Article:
Today John Boehner presented the Tea Party’s deficit reduction plan that – in spite of President Obama’s passionate call last Friday for a bill that asks for shared sacrifice from the poor, the middle class, and the rich – still consists only of cuts in government expenditures that will hurt only the middle and lower classes.
Obama took the stage during prime time tonight to summarize the plans offered from both sides of the aisle, and again the president said all the right things. Here he describes his balanced approach:
The first approach says, let’s live within our means by making serious, historic cuts in government spending. Let’s cut domestic spending to the lowest level it’s been since Dwight Eisenhower was President. Let’s cut defense spending at the Pentagon by hundreds of billions of dollars. Let’s cut out waste and fraud in health care programs like Medicare — and at the same time, let’s make modest adjustments so that Medicare is still there for future generations. Finally, let’s ask the wealthiest Americans and biggest corporations to give up some of their breaks in the tax code and special deductions.
And then he places blame for this reasonable plan not gaining traction in congress squarely on the Tea Party caucus:
The only reason this balanced approach isn’t on its way to becoming law right now is because a significant number of Republicans in Congress are insisting on a different approach — a cuts-only approach -– an approach that doesn’t ask the wealthiest Americans or biggest corporations to contribute anything at all.
…Most Americans, regardless of political party, don’t understand how we can ask a senior citizen to pay more for her Medicare before we ask a corporate jet owner or the oil companies to give up tax breaks that other companies don’t get. How can we ask a student to pay more for college before we ask hedge fund managers to stop paying taxes at a lower rate than their secretaries? How can we slash funding for education and clean energy before we ask people like me to give up tax breaks we don’t need and didn’t ask for?
That’s not right. It’s not fair. We all want a government that lives within its means, but there are still things we need to pay for as a country -– things like new roads and bridges; weather satellites and food inspection; services to veterans and medical research.
Bravo Obama! Now how are you going to get your balanced approach to prevail? Will the Democratically controlled Senate fight for you? Tonight you said:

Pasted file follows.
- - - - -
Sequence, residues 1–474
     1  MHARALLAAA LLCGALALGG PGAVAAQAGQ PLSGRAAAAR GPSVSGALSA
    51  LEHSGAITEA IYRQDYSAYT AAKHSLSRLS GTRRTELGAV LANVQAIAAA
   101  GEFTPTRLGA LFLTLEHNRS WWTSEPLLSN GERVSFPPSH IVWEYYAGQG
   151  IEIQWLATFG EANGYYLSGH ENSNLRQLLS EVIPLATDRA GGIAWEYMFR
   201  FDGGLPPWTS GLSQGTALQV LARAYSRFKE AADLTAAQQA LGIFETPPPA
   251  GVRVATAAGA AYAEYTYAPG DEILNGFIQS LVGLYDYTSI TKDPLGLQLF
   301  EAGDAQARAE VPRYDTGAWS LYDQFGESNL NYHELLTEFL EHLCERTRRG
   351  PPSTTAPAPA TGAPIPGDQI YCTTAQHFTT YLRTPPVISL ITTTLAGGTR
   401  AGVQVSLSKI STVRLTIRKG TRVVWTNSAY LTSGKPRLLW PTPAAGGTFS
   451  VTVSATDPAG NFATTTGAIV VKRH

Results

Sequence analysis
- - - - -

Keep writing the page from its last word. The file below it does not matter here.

…The Senate has introduced a plan to avoid default, which makes a down payment on deficit reduction and ensures that we don’t have to go through this again in six months.
I think that’s a much better approach, although serious deficit reduction would still require us to tackle the tough challenges of entitlement and tax reform.
Uh… that’s nice, but if you were waiting to hear the part about how the Senate was holding fast to its demand for increased revenue from profitable corporations and billionaires in exchange for painful cuts to the federal budget, you’ll have to keep waiting.
Joshua Green described Harry Reid’s latest sorry senate plan this way:
From the outset of the debt-ceiling fight, House Republicans have made two clear demands: any agreement to raise the debt limit must include offsetting cuts of at least $2.4 trillion and could not include any revenue increases. For a time, it appeared that some grand bargain to reform the tax code and entitlement programs might obviate these demands. But those talks fell apart. Democrats first pushed for a deal that would include roughly 3 to 1 spending cuts to revenue increases. Then 4 to 1. And then, last night, Senate Majority Leader Harry Reid threw in the towel and announced he’ll introduce a bill with at least $2.7 trillion in cuts and no revenue increases at all. That’s a clear win for Republicans, although they’re certain to ask for more.
Yes, once again the Democrats have started by meeting Republicans midfield and then – instead of using favorable public opinion, an ethical game plan, a majority in one camp, and a skilled orator leading the team down the field to score some points for the average American – they give ground, and give some more ground, and ultimately end up giving their greedy, government hating opponents more than they asked for in the first place.
Krugman nailed it with this early morning blog post:
The thing that strikes me is that this administration just keeps on making the same mistake. Again and again, policy is predicated on the notion that Republicans will act reasonably; again and again, they don’t. And yet Obama and company never seem to learn.
Is it too early to start drinking?
No, in these times it’s never too early to start drinking. Drink away Paul, I am right there with you.